It’s a truth universally acknowledged that a single woman in need of a US green card will have to resort to an arranged marriage to stay in the United States.
At least that’s considered true in the latest teleserye craze, “On the Wings of Love (OTWOL),” from ABS-CBN that hit television screens in August.
It tells the story of Leah Olivar (Nadine Lustre) and Clark Medina (James Reid), two working-class Filipinos seeking greener pastures abroad to provide a better future for their families. They cross paths after Leah realizes she will need a green card to work and stay legally in the United States once her visa expires.
Enter Tita Jack (Cherry Pie Picache), Leah’s ex-boyfriend’s mom, who cooks up an arranged marriage between her nephew Clark, a US resident, and Leah. The only thing Tita Jack asks from the two is for them to keep their pretend relationship from becoming something more, because her son is still carrying a torch for Leah.
What they don’t realize is intense attraction and close proximity are a volatile combination. And when destiny steps in, nobody can stop the inevitable from happening.
It’s easy to dismiss “OTWOL” as a mere vehicle for the love team of Reid and Lustre. The stars—known together as JaDine—have had a certain amount of success with their movies, “Diary ng Panget” and “Talk Back and You’re Dead.” You can even consider this show a sort of fan service, a way for ABS-CBN to please (and capitalize on) JaDine’s established fan base.
I honestly thought the show’s premise was meh when I first heard of it. Marriage of convenience is one of the biggest clichés in the romance genre. Plus, I wasn’t a fan of the lead couple.
But two magical words on a teaser I saw made me give this show a second glance: Antoinette Jadaone
I’ve been a fan of Jadaone’s after watching her critically acclaimed films “English Only, Please” and “That Thing Called Tadhana.” Seeing that she, together with Jojo Saguin, would be directing this show, I realized this series was one to watch. And two months since seeing the pilot, what can I say? I’m addicted!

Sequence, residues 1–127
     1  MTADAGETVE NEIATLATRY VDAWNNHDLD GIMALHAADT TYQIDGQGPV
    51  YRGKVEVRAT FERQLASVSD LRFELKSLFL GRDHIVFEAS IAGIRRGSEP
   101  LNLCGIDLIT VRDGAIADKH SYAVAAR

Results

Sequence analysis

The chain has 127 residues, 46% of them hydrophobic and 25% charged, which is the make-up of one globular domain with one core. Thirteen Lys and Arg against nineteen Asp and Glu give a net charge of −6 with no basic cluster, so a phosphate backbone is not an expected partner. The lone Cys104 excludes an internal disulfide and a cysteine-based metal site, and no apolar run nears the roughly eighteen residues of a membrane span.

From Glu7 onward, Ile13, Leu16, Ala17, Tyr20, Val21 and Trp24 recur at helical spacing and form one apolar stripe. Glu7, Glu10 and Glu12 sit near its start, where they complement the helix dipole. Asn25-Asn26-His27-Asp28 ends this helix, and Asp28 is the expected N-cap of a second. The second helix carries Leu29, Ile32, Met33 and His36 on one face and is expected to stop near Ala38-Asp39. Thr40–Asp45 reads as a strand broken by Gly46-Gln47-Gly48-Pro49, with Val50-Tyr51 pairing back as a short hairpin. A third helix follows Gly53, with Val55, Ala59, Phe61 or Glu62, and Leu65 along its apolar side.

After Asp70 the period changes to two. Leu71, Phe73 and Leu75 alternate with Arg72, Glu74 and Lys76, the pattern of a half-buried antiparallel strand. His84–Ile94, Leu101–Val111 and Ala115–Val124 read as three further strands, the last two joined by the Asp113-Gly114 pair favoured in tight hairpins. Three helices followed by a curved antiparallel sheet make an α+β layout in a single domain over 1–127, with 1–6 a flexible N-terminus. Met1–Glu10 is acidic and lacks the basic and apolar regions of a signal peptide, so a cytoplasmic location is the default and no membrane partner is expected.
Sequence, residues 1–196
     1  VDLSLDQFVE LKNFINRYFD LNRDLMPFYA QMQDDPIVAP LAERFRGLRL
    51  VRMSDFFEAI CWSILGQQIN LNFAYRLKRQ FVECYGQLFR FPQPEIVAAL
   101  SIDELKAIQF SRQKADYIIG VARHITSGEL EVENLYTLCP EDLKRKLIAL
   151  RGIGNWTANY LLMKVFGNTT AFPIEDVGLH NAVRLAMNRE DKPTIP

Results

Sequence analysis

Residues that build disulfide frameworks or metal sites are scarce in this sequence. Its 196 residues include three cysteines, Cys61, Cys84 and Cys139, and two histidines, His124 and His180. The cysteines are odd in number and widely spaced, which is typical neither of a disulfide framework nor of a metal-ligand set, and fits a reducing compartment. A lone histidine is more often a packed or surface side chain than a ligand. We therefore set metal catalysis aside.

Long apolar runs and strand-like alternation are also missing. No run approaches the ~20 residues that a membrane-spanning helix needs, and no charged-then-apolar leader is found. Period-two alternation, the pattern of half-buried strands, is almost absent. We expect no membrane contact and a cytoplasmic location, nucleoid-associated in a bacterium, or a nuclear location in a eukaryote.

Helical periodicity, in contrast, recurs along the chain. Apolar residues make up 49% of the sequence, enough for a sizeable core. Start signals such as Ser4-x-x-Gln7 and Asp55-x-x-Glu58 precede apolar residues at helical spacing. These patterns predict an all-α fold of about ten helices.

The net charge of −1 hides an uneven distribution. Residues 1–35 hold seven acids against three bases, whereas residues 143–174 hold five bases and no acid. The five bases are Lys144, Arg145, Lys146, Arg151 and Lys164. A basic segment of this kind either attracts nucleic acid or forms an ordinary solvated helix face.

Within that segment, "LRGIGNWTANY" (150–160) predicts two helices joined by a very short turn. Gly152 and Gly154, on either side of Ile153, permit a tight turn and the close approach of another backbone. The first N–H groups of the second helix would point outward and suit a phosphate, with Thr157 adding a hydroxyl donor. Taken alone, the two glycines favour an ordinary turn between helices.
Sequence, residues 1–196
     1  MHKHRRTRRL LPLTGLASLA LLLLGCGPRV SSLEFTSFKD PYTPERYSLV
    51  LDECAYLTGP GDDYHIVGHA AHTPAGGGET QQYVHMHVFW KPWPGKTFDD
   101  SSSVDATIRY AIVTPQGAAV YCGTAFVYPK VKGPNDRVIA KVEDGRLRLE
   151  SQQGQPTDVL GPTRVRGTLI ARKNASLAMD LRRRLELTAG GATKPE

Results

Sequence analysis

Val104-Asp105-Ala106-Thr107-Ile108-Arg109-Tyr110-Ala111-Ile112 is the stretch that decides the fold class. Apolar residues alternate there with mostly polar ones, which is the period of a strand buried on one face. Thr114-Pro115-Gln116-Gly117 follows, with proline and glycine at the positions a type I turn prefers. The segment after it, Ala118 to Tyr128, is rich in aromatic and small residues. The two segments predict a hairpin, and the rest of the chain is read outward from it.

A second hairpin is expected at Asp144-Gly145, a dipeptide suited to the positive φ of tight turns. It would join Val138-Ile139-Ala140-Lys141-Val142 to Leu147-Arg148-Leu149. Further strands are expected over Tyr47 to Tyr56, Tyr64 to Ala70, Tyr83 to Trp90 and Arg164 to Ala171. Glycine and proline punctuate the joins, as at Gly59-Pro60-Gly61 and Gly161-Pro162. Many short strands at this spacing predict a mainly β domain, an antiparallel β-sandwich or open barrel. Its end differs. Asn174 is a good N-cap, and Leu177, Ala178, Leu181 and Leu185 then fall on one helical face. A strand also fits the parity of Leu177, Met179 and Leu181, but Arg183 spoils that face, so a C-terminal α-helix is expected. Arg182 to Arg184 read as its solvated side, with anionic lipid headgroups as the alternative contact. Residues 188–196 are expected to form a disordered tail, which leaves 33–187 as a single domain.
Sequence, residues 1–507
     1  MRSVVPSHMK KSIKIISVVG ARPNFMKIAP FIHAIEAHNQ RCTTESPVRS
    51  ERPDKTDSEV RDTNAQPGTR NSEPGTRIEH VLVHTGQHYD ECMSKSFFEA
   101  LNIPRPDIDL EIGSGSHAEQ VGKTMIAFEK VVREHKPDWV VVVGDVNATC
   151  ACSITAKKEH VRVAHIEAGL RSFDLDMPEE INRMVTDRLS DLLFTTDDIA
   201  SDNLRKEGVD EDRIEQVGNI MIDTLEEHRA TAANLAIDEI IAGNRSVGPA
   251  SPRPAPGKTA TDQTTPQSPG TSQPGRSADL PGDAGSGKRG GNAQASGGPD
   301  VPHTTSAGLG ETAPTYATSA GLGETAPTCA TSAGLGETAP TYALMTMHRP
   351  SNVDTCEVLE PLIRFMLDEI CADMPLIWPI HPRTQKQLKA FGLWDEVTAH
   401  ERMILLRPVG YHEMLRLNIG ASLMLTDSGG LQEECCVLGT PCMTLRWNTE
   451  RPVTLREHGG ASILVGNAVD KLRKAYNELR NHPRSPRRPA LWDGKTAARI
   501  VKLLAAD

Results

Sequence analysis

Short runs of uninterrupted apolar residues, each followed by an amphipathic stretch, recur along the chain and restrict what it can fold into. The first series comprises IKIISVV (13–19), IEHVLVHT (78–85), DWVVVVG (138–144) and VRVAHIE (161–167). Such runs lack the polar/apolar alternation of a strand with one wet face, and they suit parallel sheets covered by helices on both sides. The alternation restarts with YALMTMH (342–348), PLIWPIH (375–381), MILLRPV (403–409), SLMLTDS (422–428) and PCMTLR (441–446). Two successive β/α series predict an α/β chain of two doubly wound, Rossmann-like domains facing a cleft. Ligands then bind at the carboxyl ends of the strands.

The on-screen chemistry between Reid and Lustre is off the charts. They have an ease in each other’s presence and a natural rapport that add to the authenticity of their TV romance. They have a way of looking at each other that screams of intimacy and sexual tension. As some fans noted, tinginan pa lang, kikiligin ka na.
Someone once accused me of watching “OTWOL” only because the male lead is hot. Yes, Reid is gorgeous. You’re blind, lying or bitter if you think he is anything but perfection na nagkatawang tao. (I would like to thank whoever put the “shirtless scene in every episode” clause, if there is one, in Reid’s contract, because yes.)
But “OTWOL,” however hot its male lead is, will not work without Lustre, whose charm and likability make Leah a protagonist you will want to root for. More importantly, the show is nothing without a well-thought-out narrative.
The unsung heroes of this show are the writers, who didn’t rush the romance even while keeping the general plot fast-paced. The attraction between Leah and Clark was instant, but the love? It was gradual, organic and frustrating—really, the best kind of love story.
The secondary characters and their stories are also compelling and interesting in their own right. Most shows would focus on only the main couple, but this series gives airtime to its supporting cast. There’s the courtship between Leah’s sister Tiffany (Bianca Manalo) and Tolayts (Nico Antonio), a tricycle driver and the show’s main funnyman; the broken relationship of Tita Jack and her son Jigs (Albie Casiño); and Leah’s father Mang Sol’s (Joel Torre) health woes.